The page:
UK and South Africa have both introduced a sugar tax on soft drinks last Friday while Ireland has postponed it plans by one month to May 1st, 2018.
The British Soft Drinks Industry Levy was already announced by Chancellor of the Exchequer Philip Hammond two years ago (inside.beer, 25.8.2016) and gave manufacturers enough time to reformulate their products. According to Britain’s Treasury already 50% of all companies, including Coca-Cola, Britvic and Lucozade Ribena Suntory and retailers Tesco, Asda and Morrisons have reduced the sugar content of their soft drinks to be below the levy’s sugar threshold thus reducing the sugar content in drinks last year by 45,000 tons. As a side effect of the industry’s early adjustment Britain’s Treasury expects now to raise only about half of the forecasted 520 million pounds ($733 million) in its first year, money which is intended to go to the Department for Education for funding sports programs and nutritious breakfast clubs for children.
The Irish Sugar-Sweetened Drinks Tax (SSDT) like its British counterpart burdens locally produced or imported sugar-sweetened beverages will not be applied to pure fruit and vegetable juices unless sugar is added. Dairy products, “milk substitute drinks” (made from soya, nuts, cerals or seeds), alcoholic drinks, non-alcoholic beer and wine are also exempted. A 330ml can of Coca Cola, which contains 10.6 g of sugar per 100ml falls into the highest tax bracket for soft drinks with more than 8g per 100ml and will incur a tax of EUR 0.10 (USD 0.12) in Ireland and GBP 0.08 (=USD 0.11) in Britain.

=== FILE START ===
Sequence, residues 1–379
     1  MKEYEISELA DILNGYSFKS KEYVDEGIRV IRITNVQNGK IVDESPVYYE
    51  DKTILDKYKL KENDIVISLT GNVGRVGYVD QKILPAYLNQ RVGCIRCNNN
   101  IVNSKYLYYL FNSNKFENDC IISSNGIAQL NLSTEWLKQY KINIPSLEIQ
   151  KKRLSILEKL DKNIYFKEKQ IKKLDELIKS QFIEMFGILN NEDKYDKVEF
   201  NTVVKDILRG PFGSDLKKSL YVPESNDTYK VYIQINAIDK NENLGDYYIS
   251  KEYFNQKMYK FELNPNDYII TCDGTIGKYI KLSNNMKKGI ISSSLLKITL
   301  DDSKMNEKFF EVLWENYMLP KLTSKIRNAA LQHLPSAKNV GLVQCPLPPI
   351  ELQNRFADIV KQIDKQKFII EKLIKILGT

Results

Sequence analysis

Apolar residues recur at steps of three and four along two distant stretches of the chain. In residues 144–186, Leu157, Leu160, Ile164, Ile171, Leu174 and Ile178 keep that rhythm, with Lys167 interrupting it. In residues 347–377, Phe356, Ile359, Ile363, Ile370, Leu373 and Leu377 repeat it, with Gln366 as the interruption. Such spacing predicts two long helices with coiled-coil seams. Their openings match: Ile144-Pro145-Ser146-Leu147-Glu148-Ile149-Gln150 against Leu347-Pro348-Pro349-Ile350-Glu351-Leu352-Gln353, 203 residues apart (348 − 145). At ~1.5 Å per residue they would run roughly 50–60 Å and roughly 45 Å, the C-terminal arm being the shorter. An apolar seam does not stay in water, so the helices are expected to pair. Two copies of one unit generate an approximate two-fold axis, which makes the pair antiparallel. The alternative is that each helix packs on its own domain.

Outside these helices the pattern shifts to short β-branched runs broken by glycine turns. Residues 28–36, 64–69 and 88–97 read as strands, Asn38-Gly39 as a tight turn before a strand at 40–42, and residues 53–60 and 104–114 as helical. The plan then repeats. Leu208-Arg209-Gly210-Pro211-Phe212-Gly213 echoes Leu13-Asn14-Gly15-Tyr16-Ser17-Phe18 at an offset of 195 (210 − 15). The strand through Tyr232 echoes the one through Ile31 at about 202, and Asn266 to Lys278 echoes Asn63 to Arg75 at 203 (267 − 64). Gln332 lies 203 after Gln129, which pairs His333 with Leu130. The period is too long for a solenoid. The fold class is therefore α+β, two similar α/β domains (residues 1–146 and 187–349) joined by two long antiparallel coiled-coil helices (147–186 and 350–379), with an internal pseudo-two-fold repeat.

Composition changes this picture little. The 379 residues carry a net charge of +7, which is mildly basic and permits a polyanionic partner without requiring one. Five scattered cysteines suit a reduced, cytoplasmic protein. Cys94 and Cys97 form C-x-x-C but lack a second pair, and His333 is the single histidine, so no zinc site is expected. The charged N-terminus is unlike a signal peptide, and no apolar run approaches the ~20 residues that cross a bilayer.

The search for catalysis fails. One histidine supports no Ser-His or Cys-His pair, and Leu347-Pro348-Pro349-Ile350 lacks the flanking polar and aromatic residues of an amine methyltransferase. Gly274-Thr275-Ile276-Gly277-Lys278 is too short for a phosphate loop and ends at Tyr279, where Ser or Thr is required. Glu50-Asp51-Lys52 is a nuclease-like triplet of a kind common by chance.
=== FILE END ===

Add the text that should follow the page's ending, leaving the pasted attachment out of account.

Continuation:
South Africa has adopted a slightly different approach and will levy ZAR 0,021 per gram of sugar on all sweetened drinks, with the first 4g of sugar per 100ml exempt. This adds up to ZAR 0.46 (US$0,038) per 330ml can, which is about 11% on a can.
South Africa is among the top 10 countries in the consumption of sugary soft drinks in the world, and research has shown that drinking just one sugar-sweetened soft drink a day increases ones' chance of being overweight by 27% for adults and 55% for children.
Over 30 countries worldwide are taxing sugary drinks, including Mexico, which introduced the tax four years ago because it had the highest rate of obesity with more than 70% of the population being overweight or obese. A research carried out by academics in Mexico and the United States, noticed a 5.5% drop in purchases of sugary drinks in the first year after the tax was introduced followed by a 9.7% decline in the second year.
UK, South Africa and Ireland are not the only counties to pass similar taxes this year. Others include Portugal, India, Saudi Arabia and Thailand.
Countries, which are very unlikely to tax sweetened drinks in the short or medium run are Germany and the United States. Although some cities like San Francisco, Seattle and Philadelphia already introduced a levy on sweetened drinks, the country as a whole will not act in such a manner, knowing that President Donald Trump is rumoured to drink 12 cans of Diet Coke a day and is averse to regulating industries.